My own view is that the 2015 Sustainable Development Goals are a highly dependable (unlikely to change significantly due to new learning) and comprehensive presentation of the objectives that constitute the Best Governing Global Purpose for Humanity - in my words “developing truly sustainable ways of living and working to constantly improve things by developing even better truly sustainable ways of living with all humans fitting into the robust diversity of life on this planet.”

    That perspective leads to a higher level explanation that encompasses what is presented in the article. The following quotes from the article and the related comments are examples of the better higher level explanation:

    • “... many men oppose rules and regulations that would change a system that largely benefits them.” This statement makes more sense when generalized to: anyone perceiving a personal benefit from a developed system would oppose rules and regulations (changes) that would reduce their ability to continue to benefit that way.
    • “As cognitive linguist George Lakoff writes, hierachs believe that, “in a well-ordered world, there should be (and traditionally has been) a moral hierarchy in which those who have traditionally dominated should dominate.”” In this case there is a more justified moral hierarchy based on the understanding that only truly sustainable activity is allowed to be benefit from by anyone. Those more helpful regarding achieving the Sustainable Development Goals deserve more recognition and reward. Those more harm deserve less respect and more penalty. That change of understanding is a pretty powerful motivation for the many less deserving current Winners to be as mean as they can get away with to try to keep that required change of understanding from occurring.
    • “When experts urge governments to regulate industry in order to protect nature, they are subverting the natural order — all the more so when those experts are female. Tree huggers and uppity women both threaten the existing male-dominated hierarchy.” Anyone who is perceived to be threatening the ability of undeserving winners to keep on winning will be attacked any way that can be gotten away with. The current developed society includes many people who are easily impressed by statements that disrespect Women. Sadly, there are many locations where there enough of those easily impressed people in an electoral district to swing the balance of a vote if they all get motivated to vote based on their understandably unacceptable beliefs. That is the basis for regional success of Unite the Right movements around the planet, movements that get away with claiming to be Conservative because many people who consider themselves conservative will excuse nastier aspects of the group they support, like denigration and disrespect of Women, if they see their personal interest being achieved through the collective voting of the United group (and sadly some people vote Conservative just because that is what they learned to do, and they are very unlikely to change their mind).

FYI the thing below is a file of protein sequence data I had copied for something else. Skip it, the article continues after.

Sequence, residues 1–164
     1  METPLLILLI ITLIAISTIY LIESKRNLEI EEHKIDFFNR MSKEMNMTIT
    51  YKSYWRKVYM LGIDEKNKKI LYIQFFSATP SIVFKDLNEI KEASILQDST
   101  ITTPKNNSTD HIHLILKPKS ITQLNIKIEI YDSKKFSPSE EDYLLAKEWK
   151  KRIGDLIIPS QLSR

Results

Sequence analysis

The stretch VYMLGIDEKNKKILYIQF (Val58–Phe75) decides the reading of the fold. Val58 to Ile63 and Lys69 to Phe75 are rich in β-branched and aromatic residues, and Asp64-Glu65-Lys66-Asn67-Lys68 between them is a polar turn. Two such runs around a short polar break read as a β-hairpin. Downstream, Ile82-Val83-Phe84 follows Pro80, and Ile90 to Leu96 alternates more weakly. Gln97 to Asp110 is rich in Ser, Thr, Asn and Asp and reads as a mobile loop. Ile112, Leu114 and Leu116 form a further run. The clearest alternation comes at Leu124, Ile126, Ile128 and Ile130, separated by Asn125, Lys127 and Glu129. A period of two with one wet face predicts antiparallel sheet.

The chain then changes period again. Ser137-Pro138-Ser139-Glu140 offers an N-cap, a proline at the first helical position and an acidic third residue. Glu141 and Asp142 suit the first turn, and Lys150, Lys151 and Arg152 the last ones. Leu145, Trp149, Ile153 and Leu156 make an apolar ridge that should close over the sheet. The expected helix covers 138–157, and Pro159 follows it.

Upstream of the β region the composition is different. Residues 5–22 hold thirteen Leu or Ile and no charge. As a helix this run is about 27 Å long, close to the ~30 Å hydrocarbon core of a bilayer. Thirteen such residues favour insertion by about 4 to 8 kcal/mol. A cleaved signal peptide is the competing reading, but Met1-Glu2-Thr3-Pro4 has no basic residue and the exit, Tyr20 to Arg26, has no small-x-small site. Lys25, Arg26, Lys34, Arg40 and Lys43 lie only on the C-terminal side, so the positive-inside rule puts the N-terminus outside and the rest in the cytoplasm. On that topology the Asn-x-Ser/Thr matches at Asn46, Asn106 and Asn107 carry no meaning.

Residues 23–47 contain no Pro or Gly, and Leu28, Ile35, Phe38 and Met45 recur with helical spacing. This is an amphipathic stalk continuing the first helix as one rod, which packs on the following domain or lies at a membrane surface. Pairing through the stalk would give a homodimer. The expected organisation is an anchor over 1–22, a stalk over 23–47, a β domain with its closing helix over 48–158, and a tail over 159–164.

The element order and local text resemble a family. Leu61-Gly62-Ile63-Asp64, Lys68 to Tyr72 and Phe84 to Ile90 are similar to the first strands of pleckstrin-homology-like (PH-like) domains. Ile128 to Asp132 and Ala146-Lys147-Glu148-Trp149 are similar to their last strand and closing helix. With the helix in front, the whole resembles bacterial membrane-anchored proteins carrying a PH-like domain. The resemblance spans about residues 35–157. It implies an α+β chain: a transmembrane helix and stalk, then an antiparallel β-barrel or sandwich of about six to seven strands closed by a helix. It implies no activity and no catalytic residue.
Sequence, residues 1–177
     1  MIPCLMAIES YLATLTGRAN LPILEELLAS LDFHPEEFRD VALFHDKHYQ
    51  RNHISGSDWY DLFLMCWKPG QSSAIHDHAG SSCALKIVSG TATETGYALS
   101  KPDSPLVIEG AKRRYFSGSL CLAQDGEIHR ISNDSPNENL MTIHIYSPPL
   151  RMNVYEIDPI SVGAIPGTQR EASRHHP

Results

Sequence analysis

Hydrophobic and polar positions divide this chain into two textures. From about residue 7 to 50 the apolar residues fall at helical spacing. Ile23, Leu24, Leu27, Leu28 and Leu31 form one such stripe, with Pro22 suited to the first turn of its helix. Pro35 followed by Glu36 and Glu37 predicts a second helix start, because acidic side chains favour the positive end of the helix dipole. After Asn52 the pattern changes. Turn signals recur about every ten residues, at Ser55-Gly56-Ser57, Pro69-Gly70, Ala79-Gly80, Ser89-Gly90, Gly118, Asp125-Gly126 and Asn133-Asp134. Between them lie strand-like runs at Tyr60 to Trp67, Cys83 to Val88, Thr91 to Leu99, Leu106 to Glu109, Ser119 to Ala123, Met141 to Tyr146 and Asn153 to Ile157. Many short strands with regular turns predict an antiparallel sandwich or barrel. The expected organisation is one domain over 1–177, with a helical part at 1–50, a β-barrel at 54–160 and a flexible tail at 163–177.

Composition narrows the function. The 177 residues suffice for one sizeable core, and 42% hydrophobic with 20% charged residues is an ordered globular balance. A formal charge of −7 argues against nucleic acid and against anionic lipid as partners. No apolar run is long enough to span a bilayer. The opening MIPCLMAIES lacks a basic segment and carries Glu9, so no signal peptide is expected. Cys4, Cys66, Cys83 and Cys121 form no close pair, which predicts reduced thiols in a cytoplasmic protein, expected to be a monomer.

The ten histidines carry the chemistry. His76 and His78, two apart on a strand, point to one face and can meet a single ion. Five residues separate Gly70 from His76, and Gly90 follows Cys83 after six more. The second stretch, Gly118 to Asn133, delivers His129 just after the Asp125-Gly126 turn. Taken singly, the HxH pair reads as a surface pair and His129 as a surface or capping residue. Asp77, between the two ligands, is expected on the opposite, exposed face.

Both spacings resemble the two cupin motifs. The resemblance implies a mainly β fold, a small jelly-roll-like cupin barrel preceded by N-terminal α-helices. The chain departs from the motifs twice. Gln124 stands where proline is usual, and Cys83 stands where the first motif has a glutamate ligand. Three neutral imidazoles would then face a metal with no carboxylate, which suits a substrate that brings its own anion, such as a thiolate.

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  7. "The key problem is a lack of a clear and consistent understanding of the justified governing global moral/ethical purpose for members of humanity. Without that clear common understanding the competing instinctive human characteristics of altruism and selfishness are more freely influenced by the social and economic environment a person experiences/learns in, generally to the detriment of altruism. "